Tuesday, July 31, 2012

"Kiss my ass; this is a holy site for the Polish people," says Romney aide

One question: Ever heard of the
importance of a free press to democracy?

You may have heard that one of Mitt Romney's press aides blew a gasket because members of the press travelling with his boss in Poland actually tried to ask questions. According to reports, over the entire seven days in the U.K., Israel, and Poland, the Romney campaign held only one media availability for the U.S. travelling press, and that one amounted to only three questions outside 10 Downing St. so Mitt could publicly apologize for criticizing Olympic Games' preparation.

As the press corps with Romney realized there would be no tour-end press avail with the candidate in Poland, they began to shout questions at him, most of which were to do with how Romney felt about having such a lousy tour. At the time, Romney was walking back from laying a wreath at Poland's Tomb of the Unknown Soldier. For the record, from what I understand, he was a good 100 yards away from the site.

At that point, Rick Gorka, travelling press aide for Romney actually yelled at the assembled press: "Kiss my ass; this is a holy site for the Polish people." Now, I'm not sure the words "kiss my ass" and "holy site" necessarily go together all that well, but that's me.

Anyway, the press in general is fairly annoyed, which begs the question, does Romney care about the mainstream media, or does he think he can win by appearing only on Fox News and in selected other right-wing media outlets? I really don't know the answer. I don't know if it's the case that he thinks he can win that way or if in fact it's possible to win that way.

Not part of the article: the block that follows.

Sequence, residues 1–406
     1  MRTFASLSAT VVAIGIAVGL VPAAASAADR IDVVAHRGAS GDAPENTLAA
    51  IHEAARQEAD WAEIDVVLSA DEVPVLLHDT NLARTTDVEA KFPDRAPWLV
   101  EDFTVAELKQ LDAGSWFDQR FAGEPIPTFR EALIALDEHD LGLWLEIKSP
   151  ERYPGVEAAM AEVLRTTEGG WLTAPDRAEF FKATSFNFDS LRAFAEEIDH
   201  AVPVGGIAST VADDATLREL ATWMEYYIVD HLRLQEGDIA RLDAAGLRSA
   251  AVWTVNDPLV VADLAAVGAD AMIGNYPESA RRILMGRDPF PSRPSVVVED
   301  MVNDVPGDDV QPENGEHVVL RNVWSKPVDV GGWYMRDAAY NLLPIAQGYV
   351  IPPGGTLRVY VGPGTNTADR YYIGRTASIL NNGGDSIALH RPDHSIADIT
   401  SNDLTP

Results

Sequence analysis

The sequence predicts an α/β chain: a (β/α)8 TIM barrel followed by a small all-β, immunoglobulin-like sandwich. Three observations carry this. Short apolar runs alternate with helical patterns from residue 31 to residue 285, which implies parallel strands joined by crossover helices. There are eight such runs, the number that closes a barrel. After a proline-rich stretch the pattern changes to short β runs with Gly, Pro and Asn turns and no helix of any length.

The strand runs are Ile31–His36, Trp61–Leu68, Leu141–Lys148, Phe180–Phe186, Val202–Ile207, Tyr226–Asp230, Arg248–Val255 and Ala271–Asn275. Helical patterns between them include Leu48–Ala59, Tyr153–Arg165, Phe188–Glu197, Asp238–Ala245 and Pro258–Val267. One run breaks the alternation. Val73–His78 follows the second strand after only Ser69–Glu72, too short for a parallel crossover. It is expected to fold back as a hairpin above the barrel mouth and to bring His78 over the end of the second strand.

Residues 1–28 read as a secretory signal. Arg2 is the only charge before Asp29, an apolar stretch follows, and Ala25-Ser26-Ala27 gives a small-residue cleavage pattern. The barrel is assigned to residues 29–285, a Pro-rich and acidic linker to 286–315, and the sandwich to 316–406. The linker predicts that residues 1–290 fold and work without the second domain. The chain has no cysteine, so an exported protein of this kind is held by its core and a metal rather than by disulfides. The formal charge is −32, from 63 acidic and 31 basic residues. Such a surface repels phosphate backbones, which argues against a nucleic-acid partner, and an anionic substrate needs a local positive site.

But even at that, Fox News personality Greta Van Susteren was unhappy being shut out as part of the travelling press contingent. So, maybe even the right-wing press isn't going to get access unless things are perfectly scripted.

Think about this. Mitt Romney will be able to spend more money than God on his campaign so he'll be able to craft his message through paid advertising in a way that no presidential candidate as ever been able to do before. Typically candidates love so-called "earned media," e.g., being on the news, or on public affairs programs, because it's exposure and it doesn't cost anything. But Romney is, to be kind, telling all sorts of untruths that he doesn't want challenged by reporters. In many ways, that is his central campaign strategy. And he is very actively hiding as much information about himself as he can and running on the strength, again, of images crafted by well-paid political consultants with the cash to buy oodles of air-time.

Maybe Romney's whole point is: "Kiss my ass; I can afford to buy the presidency without having to worry about what any damned reporter thinks."

Maybe he's right.

(Cross-posted at Lippmann's Ghost.)

Labels: , , , , ,

Bookmark and Share


Post a Comment

<< Home